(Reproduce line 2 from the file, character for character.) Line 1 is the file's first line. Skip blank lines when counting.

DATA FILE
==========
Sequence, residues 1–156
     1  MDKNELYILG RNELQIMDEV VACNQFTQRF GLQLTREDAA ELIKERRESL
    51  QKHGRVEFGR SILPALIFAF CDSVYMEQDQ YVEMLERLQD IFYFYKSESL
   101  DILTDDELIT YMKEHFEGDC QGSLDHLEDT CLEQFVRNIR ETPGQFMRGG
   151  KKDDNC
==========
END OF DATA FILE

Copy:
     1  MDKNELYILG RNELQIMDEV VACNQFTQRF GLQLTREDAA ELIKERRESL